Around six months ago I was having a conversation with a young product planner at Isuzu and we were chewing the fat about modern 4WD design and I decided to try wield some influence about the direction the company might take in the future and what could be added to its portfolio.
My gaze was on wagons.
The current Isuzu MU-X is obviously a very successful stablemate to the D-MAX, as the wagon variant of the pair has been consistently top of the sales sheets in its sector for ages, the best execution of utes becoming wagons. But even as a past MU-X owner, it falls short of what I really, really crave.
Aesthetically, I’ve been bored with the direction Japanese makers have taken with their medium sized wagons because they’ve all come out of the same cookie cutter design school, increasingly angular and pandering more and more to the ninety-percenters. Ninety-percenters = folk who buy 4WDs with no intention of going bush, bumping a kerb the likely extent of their off-roading intent.
I don’t really care that my key fob is of the push-button start variety, replete with 26 different beeps and alarms, I like a proper key and an ignition barrel. I also don’t want a ridiculous amount of vehicle safety systems beyond Stability Control and Traction Control hooked up to a decent Anti-Lock braking setup. As for connectivity… pffft. Scale it back and concentrate on what matters, ability off-road, a decent suspension system, lockers and a payload.
I posed the challenge that Isuzu have a parked nameplate that has plenty of cachet both here and overseas, the Jackaroo/Trooper/Bighorn brand, synonymous with Isuzu’s early 4WD wagon range between 1981 and 2002 and maybe it needed resurrecting?
The first-gen Jackaroos were a simple boxy affair and that’s what I like in a 4WD wagon. That same generation Jackaroo, and the one that I found to be the pick of the crop, was the one powered by Isuzu’s best-ever diesel (IMHO), the 4JB1-T, a turbocharged direct-injection diesel of 2.8L capacity.
Whilst the power and torque numbers are modest by today’s standards, the thing that made this engine likely the best consumer diesel going during the eighties and nineties, was its reliability and direct-injection fuelling, compared to Toyota, Mitsubishi and Nissan’s gutless wonder indirect-injection diesels of the day.
So, here’s my pitch.
There is obviously plenty of interest in traditional shape 4WD wagons, otherwise Suzuki wouldn’t have released the JB74 Jimny, nor would Ineos create a brand new vehicle called Grenadier, nor Ford re-release the Bronco or Jeep continually reinvent the Wrangler and so too Mercedes with the G-Wagen.
Vehicles like these present a different look and function to the same SUV drones of the last twenty years. Toyota have woken up that they need a reset and the Prado 250 will be a radical departure from that that came before it.
I thought I’d never say something like this, but thank you Toyota for doing something different in the mainstream and likely directing the sheep to rethink their current designs.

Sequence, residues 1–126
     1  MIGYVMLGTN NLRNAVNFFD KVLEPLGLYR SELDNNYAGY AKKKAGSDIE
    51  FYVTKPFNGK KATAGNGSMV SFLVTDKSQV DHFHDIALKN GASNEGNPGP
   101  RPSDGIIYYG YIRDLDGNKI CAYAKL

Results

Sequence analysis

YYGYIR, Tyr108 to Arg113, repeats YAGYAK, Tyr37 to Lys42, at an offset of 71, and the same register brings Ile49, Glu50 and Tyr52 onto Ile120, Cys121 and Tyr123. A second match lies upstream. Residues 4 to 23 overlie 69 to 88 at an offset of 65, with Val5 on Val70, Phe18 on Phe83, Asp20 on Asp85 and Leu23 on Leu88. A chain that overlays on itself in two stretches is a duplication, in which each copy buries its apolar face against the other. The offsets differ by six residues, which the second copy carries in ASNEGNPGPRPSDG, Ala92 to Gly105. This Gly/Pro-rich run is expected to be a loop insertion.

Now, so far in this musing, I haven’t mentioned the Chinese. They are shameless imitators, but they see an emerging trend and very quickly jump on it. And that brings me to the GWM Tank 300, a recent 4WD automotive offering to the wide brown land and one that’s kind of on the way to creating the modern Jackaroo that I want.
I managed to get to see one close up recently and later to take it for a spin around the block, but I need one for a more extensive test-drive, (so I hope GWM is listening and game to lend us one???), so my observations here aren’t especially fulsome.
There are four Tank 300s listed on the GWM ANZ website, the Tank 300 Lux (listed at $47K drive away), the Tank 300 Ultra (the one I’ve sampled) (listed at $51K drive away), the Tank 300 Lux Hybrid (listed at $56K drive away) and the Tank 300 Ultra Hybrid (listed at $61K drive away). At the time of writing, those prices represent pretty solid value, especially the last pair in hybrid form.
I also observed that GWM are pretty confident about their products these days and that’s a good thing, because earlier iterations of their products were sold with the usual cloud of doubt around longevity. I don’t know about you, but I don’t recall seeing any Great Wall utes on our roads from their Australian debut in 2009 in my recent travels.
The Tank comes with a 7 year unlimited kilometre warranty with 5 years roadside assist and capped price servicing, whilst the hybrid version’s battery pack are warranted for 8 years. That signals a decent commitment and must reflect significant durability improvements.
It measures 4,760mm long tip to toe, 1,903mm high and 1930mm wide, with a wheelbase of 2,750mm. The width measurement is a little deceiving though because that’s not reflective of the cabin interior, it’s like the way an old Nissan GQ Patrol and current Jeep Wranglers have a skinny cabin with serious wheel arch flares extending out and over the track width and it tells when you jump in. It’s comfortable, but not generous in the middle row, especially if you were three-up.
Motivation is interesting.
In the sample Tank Lux I drove, it used a 2.0L petrol four cylinder, assisted greatly with a turbocharger to achieve 162kW@5,500rpm. Let’s not dwell on that too long because 162kW is not real world driving useful, especially when it needs to be spun to 5,500rpm to generate it. Okay for traffic light Grands Prix and plenty of the YouTubers reviews have focused on standing start to 100km/h sprint times (yawn), but for me, I want to know about the torque and whether firstly does it have any, and two, can it sustain it?